Taucheo (Salted, Fermented Soy Beans)

Taucheo is salted, fermented soybeans, and this is how we use it in recipes.
Taucheo, salted, fermented soybeans
salted soybeans, taucheo in a small white bowl

Taucheo is an essential ingredient in much of East and South East Asia.

Estimated reading time: 4 minutes

How to pronounce Taucheo

  • Tau – the ow is the same vowel sound as in HOW
  • ch – this is the ch sound in chair
  • eo – this is the same vowel sound as in Rio (some people, especially Indonesians, would also make the sound oh (silent h)

What is Taucheo?

Taucheo is salted, fermented soybeans, and used as an ingredient to add depth and an earthy saltiness to dishes.

It’s found in various guises in all over East and South east Asia.

  • in China, where it originates, it’s called huáng jiàng
  • in Indonesia, it is spelled tauco
  • in Korean, the paste is called doenjang

The taucheo that is commonly sold and used in Singapore and Malaysia varies slightly the Chinese and Korean ones, in that the soy beans are left whole.

To use, we simply mash them with a fork or add to the ingredients meant to be ground to a paste.

The Chinese and Korean ones, however, are sold in paste form. I have a pretty big Korean supermarket within walking distance to me, and am pretty happy using the Korean version, when the little Chinese shop doesn’t have any in stock

Taucheo, salted, fermented soybeans
the soybeans are still whole

How is it Made?

To make taucheo, soybeans are soaked in brine, then left to ferment over a period of time, resulting in a deep, earthy flavour that is essential in so many of our recipes.

In the Chinese version, the soybeans are mashed and also dried in the sun for a certain period of time.

It is pretty easy to make at home, if you are so inclined, and if you cannot get your hands on any. But online shopping makes so many exotic ingredients highly accessible, methinks, no?

Perhaps one day, I might do a recipe on homemade taucheo!

Substitute for this Yellow Soybean Paste

The best substitute for taucheo is the darkest miso paste you can find. The deep red one, or a dark brown one is the best. It doesn’t matter too much if it’s rice based, you will still be getting that deep earthy and slightly tangy flavour.

Failing that, you could use hoisin sauce, but try and get the one with the least amount of added ingredients. Hoisin also tends to be on the sweet side, so go easy.

If your dish is going to be spicy, you could use a chilli bean paste, but I would check the amount of soybean to chilli first. As these tend to be heavy on the chilli, and light on the beans.

So, want to cook Singaporean and Malaysian with me? Go get a bottle of these salted soy beans. Because the iconic Singapore Chilli Crab requires it! And I shall be adding more recipe using taucheo as time goes by.

Let’s get cooking!

Recipes using Taucheo

I have quite a few recipes that use these soy beans, but they are all still on LinsFood.com. I shall add them here as we go on. But for now, here are 2 of them:

Singapore Chilli Crab Recipe and Video
Ever wondered how to cook Singapore Chilli Crab? Here I show you how to cook this iconic recipe in your own home, with accompanying video.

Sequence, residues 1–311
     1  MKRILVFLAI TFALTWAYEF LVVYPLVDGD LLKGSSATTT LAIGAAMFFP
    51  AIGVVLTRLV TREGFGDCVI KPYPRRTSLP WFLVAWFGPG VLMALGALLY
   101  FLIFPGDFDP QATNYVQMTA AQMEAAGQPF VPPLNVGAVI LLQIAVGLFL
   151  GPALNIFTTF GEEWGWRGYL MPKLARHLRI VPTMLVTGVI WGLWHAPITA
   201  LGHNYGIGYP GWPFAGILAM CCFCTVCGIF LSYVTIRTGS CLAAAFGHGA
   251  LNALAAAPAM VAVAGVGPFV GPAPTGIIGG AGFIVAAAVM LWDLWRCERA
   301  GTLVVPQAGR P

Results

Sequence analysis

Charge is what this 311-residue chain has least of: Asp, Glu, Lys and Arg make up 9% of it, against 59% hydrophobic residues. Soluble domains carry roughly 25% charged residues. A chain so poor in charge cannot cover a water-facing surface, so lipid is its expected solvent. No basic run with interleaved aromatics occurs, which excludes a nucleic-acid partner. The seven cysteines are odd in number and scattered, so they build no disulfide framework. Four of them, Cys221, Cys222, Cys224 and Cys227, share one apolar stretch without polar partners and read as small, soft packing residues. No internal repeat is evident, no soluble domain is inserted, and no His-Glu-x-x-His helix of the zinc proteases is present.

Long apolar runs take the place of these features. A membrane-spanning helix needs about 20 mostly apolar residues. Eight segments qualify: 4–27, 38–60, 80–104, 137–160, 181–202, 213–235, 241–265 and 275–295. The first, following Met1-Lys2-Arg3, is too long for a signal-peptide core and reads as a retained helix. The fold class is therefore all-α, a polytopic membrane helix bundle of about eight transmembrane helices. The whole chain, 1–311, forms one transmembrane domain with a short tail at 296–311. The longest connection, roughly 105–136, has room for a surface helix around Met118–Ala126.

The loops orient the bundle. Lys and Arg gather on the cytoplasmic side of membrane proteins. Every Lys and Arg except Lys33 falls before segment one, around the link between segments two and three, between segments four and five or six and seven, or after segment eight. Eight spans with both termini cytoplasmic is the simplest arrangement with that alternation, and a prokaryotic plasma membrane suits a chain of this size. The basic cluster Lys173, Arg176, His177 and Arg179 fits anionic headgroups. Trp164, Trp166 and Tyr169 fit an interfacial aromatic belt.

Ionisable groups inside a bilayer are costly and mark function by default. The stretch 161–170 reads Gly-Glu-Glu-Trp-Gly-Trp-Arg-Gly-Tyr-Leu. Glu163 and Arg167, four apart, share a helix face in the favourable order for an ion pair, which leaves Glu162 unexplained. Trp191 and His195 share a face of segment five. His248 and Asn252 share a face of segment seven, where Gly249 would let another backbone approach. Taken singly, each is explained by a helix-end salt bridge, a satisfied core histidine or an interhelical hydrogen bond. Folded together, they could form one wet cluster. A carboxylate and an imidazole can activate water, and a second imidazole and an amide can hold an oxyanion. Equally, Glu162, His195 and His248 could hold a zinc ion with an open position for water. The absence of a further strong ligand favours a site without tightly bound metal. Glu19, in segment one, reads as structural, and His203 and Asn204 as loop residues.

Check out this recipe!
Ayam Assam Serani (Tangy Eurasian Chicken Curry)
Ayam Assam Serani is a delicious, dry-ish curry with tangy flavours from the Eurasian community in Singapore and Malaysia.
Check out this recipe!
Ayam Assam Serani in a white bowl

♥ If you found this article useful, don’t forget to leave me a comment and that all important, 5-star rating! ? Thank you! 

And feel free to tag me on Instagram @azlinbloor with your recipes. If using one of mine, hashtag it #linsfood.

Lin xx

Taucheo, salted, fermented soybeans

How to use Taucheo

Azlin Bloor
Taucheo is salted, fermented soybeans, and this is how we use it in recipes.
5 from 12 votes
Cuisine Chinese, Indonesian, Malaysian, Singaporean


  • a small bowl
  • a fork



  • If not being ground, all you do is roughly mash the taucheo with the back of a fork. The taucheo is very soft, so this won't take long at all. It doesn't want to be a smooth paste, just a rough mash.
  • Add to the recipe as directed.
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4 thoughts on “Taucheo (Salted, Fermented Soy Beans)”

  1. 5 stars
    I love Taucheo!! My mother used to stirfry veggies with it all the time and they were my favorite. Please, I would be so grateful if you could share your recipe for homemade Taucheo. I am the first generation born in America, and it is frightening at how quickly we are losing our cultural recipes, especially ones that involve fermenting. I would love to learn it and preserve this skill for the future generations, and to honor the memory of my mom who is not around to teach me these things anymore. Thank you for sharing your knowledge with us!

    1. My pleasure, Jenny. And I am absolutely with you on the need to preserve our old recipes. Well, just ordered some soybeans from Amazon. I’ll get it started sometime this week. Will send you an email when it’s up on the blog.

  2. 5 stars
    Thank you so much for this information. I just made a dish (minced chicken&silk tofu) that required taucheo. As you recommended I replaced with a little miso (I only had white) and a litte chili bean sauce. My meal tasted FABULOUS! Thank you for you help….so much!

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